The plan is backed by a wide range of European groups.
Elsevier may have a right to license its content as it sees fit, but the market as turned against its business model. The company now must decide whether to go down fighting or acknowledge the inevitable.
An of course, there's the ever present Sci-Hub, which presents a comprehensive selection of research papers far better than Elsevier ever did - and at no cost to the reader.
Elsevier doesn't have content of it's own. It takes others' content (without paying them a dime in most - if not all - cases), maybe runs it through spellcheck, slaps a legal threat and price tag on it, and milks it for as much protection money as it can. Elsevier is the very model of modern major copyright troll.
I have zero sympathy for them. As they say on Wall Street, "Bulls make money, bears make money. But pigs get slaughtered." They've had 20 years to find new ways to deliver value and it doesn't seem like they've bothered. At this rate they'll be out of business soon, and I'll enjoy it thoroughly.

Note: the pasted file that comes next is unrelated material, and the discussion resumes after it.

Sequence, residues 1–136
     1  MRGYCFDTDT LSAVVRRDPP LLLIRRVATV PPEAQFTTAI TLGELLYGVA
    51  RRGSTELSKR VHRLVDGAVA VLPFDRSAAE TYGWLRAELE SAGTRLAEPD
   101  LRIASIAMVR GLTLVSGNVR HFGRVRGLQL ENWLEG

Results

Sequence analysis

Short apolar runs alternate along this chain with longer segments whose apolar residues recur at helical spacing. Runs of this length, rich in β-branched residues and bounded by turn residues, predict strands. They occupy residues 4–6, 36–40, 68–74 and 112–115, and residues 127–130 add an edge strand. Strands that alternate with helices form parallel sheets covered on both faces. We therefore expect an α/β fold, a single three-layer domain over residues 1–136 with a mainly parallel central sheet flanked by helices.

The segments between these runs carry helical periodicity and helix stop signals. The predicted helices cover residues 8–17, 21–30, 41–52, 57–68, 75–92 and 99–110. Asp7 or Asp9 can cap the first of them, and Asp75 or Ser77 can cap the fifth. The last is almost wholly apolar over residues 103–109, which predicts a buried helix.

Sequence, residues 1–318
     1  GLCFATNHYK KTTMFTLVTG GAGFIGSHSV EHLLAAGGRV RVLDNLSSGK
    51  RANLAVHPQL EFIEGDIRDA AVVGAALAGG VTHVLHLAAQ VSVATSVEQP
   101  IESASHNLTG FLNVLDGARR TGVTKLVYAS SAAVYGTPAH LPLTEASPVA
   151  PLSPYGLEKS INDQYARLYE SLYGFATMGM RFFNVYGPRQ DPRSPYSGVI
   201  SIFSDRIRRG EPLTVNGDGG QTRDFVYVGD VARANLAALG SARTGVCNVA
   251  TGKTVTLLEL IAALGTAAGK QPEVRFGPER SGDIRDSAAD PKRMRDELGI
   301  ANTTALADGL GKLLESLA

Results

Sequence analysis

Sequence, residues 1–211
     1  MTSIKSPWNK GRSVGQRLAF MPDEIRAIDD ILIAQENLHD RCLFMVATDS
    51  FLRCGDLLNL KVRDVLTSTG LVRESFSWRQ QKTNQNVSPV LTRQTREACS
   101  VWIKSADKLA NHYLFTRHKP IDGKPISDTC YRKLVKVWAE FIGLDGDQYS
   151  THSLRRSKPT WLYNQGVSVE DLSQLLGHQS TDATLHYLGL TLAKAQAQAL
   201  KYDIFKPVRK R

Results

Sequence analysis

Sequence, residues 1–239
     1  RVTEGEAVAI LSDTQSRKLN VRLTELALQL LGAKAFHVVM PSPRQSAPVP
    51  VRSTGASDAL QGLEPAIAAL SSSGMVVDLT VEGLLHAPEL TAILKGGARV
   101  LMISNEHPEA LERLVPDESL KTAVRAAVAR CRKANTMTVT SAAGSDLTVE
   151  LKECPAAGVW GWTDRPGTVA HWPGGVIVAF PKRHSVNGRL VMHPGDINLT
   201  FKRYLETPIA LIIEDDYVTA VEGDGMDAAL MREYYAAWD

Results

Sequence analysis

Elsevier could have started by extorting smaller, less powerful institutions but foolishly went after a university they need more than it needs them.
Researchers and their institutions don’t benefit from the copyright protection; they barely make any money from their work.
Sure, someone can take your work and claim it as their own, but we already handle them as plagiarism rather than copyright infringement.
Currently all the works by the federal government are not subject to copyright, and many are scholarly work by NASA, Congressional Research Service, etc, and we never hear problem about it.
It is also not that far fetched. Copyright protects expression of ideas rather than ideas themselves, and I would argue for most papers, the expression is the less interesting part of it.
It'll probably fade away for the most part once a new generation that is comfortable with the dematerialization of value takes high leadership positions.
Copyright is a bit of a different beast as it covers a specific work, not an "idea."
Google really tried to do this but stopped digitizing books halfway through the worlds collection because of copyright law. It hurts to think of all the knowledge we could have shared if this had been permitted.